LJ Archive

The Prime Internet Eisenstein Search

Bob Bruen

Phil Carmody

Issue #136, August 2005

Plug in to an international project and discover new mathematical truths.

The Prime Internet Eisenstein Search, PIES, is a long-term effort to discover prime numbers. PIES is trying to exploit a property of a small class of numbers previously overlooked by other mathematicians, called Generalized Eisenstein Fermat numbers. These numbers have the newly discovered property that they are quicker and easier to prove prime than are typical numbers. Also in their favor is the fact that they are exceptionally dense in primes, more so than the candidates in any other prime-hunting project.

The PIES Project is orchestrated by Phil Carmody, a British mathematician living and working in Finland. Phil is the mathematician who discovered, back in 2001, the first “illegal” prime. This prime number can be unpacked into the original source code for DeCSS, the software that decodes the DVD encryption scheme. He also has discovered a second prime number that actually can execute the code.

Figure 1. PIES Logo

Contributors to PIES come from the US, Canada, Finland, Germany, France and a couple of other places around the world, although it is a relatively small international project. In true Linux form, the project is based all on volunteer work, runs on a small budget, is international and produces real results. The goal is pure research and somewhat esoteric—the discovery of large prime numbers of a slightly unusual form.

Prime Numbers

Prime numbers are those numbers that can be divided by 1 and themselves only. The numbers 1 and 0 are not considered prime, and the number 2 is the only even prime number. Primes are a fundamental part of our numbering system, and the search for prime numbers has fascinated mathematicians for more than two millennia. Today, prime numbers are used for public-key encryption, and large prime number searches are computationally intensive. The world's largest primes all are archived at Professor Chris Caldwell's “Prime Pages”, hosted at the University of Tennessee at Martin. Prime Pages not only archives the world's largest primes, but it also is the world's most complete resource for information on prime numbers.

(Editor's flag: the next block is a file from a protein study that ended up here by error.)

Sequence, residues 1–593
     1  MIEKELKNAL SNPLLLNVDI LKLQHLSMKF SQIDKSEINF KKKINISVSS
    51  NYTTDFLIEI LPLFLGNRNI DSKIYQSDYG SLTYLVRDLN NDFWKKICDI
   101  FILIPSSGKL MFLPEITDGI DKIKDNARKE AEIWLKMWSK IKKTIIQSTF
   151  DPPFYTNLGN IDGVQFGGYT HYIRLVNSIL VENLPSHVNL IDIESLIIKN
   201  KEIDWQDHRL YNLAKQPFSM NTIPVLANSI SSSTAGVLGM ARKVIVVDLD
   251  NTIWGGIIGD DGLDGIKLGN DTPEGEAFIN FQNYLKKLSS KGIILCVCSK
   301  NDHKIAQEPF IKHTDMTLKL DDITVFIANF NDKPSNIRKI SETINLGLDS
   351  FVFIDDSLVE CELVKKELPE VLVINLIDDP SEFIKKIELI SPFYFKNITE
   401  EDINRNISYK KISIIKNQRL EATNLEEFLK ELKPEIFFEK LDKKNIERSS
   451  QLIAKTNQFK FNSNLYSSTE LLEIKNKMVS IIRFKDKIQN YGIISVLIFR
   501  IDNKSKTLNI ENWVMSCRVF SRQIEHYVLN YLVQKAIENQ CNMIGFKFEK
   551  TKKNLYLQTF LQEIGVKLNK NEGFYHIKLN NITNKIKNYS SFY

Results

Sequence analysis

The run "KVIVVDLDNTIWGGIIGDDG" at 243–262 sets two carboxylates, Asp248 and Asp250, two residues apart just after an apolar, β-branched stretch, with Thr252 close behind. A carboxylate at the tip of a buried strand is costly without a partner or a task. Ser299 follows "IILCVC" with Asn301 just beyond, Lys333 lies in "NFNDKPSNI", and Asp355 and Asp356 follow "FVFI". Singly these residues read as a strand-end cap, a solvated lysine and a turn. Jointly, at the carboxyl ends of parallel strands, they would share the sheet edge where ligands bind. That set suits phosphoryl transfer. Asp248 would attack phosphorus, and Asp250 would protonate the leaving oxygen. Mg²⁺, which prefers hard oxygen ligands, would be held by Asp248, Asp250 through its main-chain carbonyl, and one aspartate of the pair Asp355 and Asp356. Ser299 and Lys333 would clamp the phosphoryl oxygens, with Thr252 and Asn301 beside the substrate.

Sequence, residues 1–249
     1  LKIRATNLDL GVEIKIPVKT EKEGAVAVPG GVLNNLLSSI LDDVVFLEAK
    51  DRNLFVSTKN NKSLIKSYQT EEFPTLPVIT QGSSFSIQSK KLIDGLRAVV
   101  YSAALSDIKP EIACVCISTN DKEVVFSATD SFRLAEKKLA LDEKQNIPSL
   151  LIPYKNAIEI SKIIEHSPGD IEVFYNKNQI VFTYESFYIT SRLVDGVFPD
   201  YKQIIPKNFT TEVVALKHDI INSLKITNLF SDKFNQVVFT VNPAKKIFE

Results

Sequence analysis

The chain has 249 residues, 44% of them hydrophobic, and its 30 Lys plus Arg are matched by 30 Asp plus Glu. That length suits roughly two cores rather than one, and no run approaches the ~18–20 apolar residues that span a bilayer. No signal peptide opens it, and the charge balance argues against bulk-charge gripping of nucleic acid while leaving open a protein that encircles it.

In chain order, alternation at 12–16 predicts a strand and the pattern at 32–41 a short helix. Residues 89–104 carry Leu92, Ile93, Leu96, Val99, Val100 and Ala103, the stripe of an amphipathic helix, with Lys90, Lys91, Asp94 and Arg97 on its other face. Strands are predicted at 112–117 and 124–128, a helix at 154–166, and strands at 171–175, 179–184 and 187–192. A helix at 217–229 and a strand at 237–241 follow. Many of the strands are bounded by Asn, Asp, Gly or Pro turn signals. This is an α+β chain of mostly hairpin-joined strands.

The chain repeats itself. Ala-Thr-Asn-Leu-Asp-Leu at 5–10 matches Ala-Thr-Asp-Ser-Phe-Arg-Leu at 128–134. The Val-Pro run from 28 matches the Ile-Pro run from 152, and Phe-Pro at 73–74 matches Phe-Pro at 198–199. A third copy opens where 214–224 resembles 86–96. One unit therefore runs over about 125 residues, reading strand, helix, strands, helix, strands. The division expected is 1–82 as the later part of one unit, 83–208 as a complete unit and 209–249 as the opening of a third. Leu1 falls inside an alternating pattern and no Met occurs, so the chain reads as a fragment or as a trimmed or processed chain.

The simplest method of determining whether a number is prime was understood by the ancient Greeks. Simply divide the number by primes smaller than the square root of the number being tested. Doing so finds all factors of the number; if none are found, the number is prime. This works reasonably well if your numbers are small, but when they get large, you need to be a bit smarter about how you search, calculate and prove that the number is indeed prime. Finding what you believe to be a prime number is not enough. Mathematicians are required to provide proof.

Bernard Riemann gave a lecture in 1859 in which he proposed a way to count prime numbers as a general rule. Proving what is known as the Riemann Hypothesis was one of the great mathematical challenges of the last century, and it continues to be so this century as well. Trying to figure out how many primes are in a range and what the distribution looks like within that range is an active area of research that helps drive the search for prime numbers.

Prime numbers are a kind of backbone for our number system. The use of prime numbers is more than simple intellectual play for mathematicians. Once Ron Rivest and his colleagues figured out that prime numbers were the way to make Whitfield Diffie's idea of asymmetrical, or public-key, cryptography a reality, prime numbers became indispensable. The more security required, the larger the prime numbers have to be.

The PIES Project